South Alabama Brick Co. v. Carwie – Third Party Liability for Work Injury

A $12.6 million personal injury verdict was recently reversed by the Alabama Supreme Court after a finding that the property owner on a construction site did not owe the injured sub-contractor worker a duty to warn of dangerous condition on the roof.OLYMPUS DIGITAL CAMERA

These were special circumstances specifically related to this case, South Alabama Brick Co., Inc. v. Carwie, which involved a pre-existing condition on the roof about which the contractor and plaintiff’s employer were aware or should have been aware

According to court records, defendant is a large supplier of building materials, including bricks and roofing materials, with a warehouse located in Mobile, AL. The roof of the warehouse includes a large flat area that contained 12 skylights and a large pitched area that contained 27 skylights. 

In late 2010, defendant noticed water was dripping inside from somewhere in the roof. A general manager contacted a contractor regarding the need for repairs. It was the same company defendant had called numerous times to fix any roofing issues, though none had ever actually been on top of the roof.

Defendant administrators would later testify the work by the contractor had been acceptable.

Contractor proposed $10,000 to fix the roof, and defendant agreed.

The contractor used subcontractors and temporary employees to perform the work. Most of the time, the contractor did residential work and defendant was its only commercial contractor. Defense testified there had been no prior safety issues involving the contractor and they left any fall protection measures up to the contractor. There was no evidence presented that defense exercised any control over the manner in which contractor or its subcontractors performed the work.

One of the subcontractors was a man who brought a “crew,” who he said were not his employees; they all divided the money equally for the job. The contractor said he warned this crew that the flat areas on the skylight could be dangerous and that the men shouldn’t step on them, as they would not support the full weight of an adult. He said he even took him up to the roof and pointed them out. He also said he informed the crew they had to abide by all OSHA fall protection standards, which require skylights to be covered with plywood and harnesses.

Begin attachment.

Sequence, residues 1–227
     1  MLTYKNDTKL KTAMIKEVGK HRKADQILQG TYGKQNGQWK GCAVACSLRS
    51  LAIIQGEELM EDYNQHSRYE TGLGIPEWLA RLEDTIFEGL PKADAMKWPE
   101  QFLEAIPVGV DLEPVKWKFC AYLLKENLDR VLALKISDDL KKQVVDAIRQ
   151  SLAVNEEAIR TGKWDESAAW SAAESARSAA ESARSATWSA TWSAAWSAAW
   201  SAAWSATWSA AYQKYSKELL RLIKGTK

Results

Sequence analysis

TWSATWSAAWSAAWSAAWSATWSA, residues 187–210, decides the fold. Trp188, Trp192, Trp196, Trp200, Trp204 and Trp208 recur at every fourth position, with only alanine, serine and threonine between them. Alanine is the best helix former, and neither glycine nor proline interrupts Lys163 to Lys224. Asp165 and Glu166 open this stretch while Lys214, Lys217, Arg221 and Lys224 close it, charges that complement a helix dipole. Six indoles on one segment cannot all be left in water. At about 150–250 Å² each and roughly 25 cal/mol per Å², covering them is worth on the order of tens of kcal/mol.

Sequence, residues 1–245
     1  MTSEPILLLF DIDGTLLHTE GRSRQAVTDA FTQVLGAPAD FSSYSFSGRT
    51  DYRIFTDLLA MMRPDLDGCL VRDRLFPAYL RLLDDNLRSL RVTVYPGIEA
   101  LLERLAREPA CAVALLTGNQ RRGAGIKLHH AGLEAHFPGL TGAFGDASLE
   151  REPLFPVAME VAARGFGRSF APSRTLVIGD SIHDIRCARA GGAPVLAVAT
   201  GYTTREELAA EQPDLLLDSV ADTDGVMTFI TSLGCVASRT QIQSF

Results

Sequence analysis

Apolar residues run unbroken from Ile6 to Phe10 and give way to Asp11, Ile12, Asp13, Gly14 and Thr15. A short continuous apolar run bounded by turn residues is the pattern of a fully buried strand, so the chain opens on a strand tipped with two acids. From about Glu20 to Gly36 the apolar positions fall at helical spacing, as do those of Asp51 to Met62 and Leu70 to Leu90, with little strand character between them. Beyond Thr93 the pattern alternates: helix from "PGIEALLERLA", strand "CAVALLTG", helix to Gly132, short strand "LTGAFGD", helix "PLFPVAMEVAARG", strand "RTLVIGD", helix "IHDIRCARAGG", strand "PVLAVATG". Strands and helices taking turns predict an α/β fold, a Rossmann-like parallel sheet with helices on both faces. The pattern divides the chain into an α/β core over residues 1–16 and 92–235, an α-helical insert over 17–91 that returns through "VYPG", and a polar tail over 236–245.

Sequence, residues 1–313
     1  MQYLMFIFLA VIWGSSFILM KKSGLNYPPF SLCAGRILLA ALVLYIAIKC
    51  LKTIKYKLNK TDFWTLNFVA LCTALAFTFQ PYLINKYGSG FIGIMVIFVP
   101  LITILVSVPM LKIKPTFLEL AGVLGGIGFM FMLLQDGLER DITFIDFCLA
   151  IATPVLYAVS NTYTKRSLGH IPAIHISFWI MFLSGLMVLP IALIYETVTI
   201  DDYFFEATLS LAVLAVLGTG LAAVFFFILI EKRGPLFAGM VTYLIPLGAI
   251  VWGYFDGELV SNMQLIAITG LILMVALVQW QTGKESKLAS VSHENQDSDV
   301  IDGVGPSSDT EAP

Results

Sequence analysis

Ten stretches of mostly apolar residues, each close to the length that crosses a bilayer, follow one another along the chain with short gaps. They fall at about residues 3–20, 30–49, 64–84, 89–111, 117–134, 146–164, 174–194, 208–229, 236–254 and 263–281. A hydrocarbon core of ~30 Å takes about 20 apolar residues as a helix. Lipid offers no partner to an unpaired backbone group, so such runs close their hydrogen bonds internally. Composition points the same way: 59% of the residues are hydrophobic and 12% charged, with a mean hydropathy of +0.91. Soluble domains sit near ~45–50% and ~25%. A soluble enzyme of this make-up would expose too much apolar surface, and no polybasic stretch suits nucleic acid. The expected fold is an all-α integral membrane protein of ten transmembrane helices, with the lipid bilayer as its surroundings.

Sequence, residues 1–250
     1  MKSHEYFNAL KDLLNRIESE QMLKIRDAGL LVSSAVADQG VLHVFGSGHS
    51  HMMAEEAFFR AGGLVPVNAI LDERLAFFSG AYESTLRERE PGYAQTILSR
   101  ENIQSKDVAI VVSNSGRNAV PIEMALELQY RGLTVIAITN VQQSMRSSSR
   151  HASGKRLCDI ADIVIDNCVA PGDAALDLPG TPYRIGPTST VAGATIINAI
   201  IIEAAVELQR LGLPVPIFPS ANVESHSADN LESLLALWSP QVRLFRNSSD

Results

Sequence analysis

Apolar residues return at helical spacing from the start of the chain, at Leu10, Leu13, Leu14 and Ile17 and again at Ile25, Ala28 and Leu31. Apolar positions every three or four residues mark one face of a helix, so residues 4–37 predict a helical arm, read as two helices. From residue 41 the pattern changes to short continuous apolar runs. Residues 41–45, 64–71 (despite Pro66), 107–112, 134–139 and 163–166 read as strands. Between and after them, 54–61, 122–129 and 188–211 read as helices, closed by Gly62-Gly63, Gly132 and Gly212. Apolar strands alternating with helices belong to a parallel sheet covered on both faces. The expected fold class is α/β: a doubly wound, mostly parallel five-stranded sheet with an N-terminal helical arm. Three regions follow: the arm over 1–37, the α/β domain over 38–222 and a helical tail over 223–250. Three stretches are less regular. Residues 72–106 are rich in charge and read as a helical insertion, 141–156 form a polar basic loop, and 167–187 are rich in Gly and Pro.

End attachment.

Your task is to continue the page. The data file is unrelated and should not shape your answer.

Contractor also said he expected the subcontractor to purchase all these supplies plus workers’ compensation insurance.

The crew leader said he did not know the skylights were dangerous and he was given no safety guidelines or supplies. He further said that while the skylights were a somewhat different shade than the rest of the flat roof, they were hard to see because they weren’t raised and they were dirty, making them appear the same shade as the roof in the sunlight.

On the third day of the job, one of the crew workers stood up, took a step back and lost his balance. He fell backward onto one of the skylights on a flat area of the roof. He fell through the skylight and hit the concrete floor, about 20 feet below. As a result, he suffered catastrophic injuries.

A conservator for the injured worker sued the contractor and the property owner for negligence.

As it pertains to the case against the property owner, defendant argued the danger posed by skylights was open and obvious, the entity that employed the worker was responsible for his safety and his superior had knowledge about the danger presented by the skylights and was responsible to warn him of that risk.

Trial court rejected this argument. Plaintiff was awarded $12.6 million in damages.

Defendant contractor did not appeal, but defendant property owner did. The state supreme court reversed the finding of liability against the property owner in this case. Because the condition of the roof was pre-existing and the subcontractor and contractor were aware of it, it was not defendant property owner’s duty to warn.

Contact the Carolina injury lawyers at the Lee Law Offices by calling 800-887-1965.

Additional Resources:

South Alabama Brick Co., Inc. v. Carwie, March 18, 2016, Alabama Supreme Court

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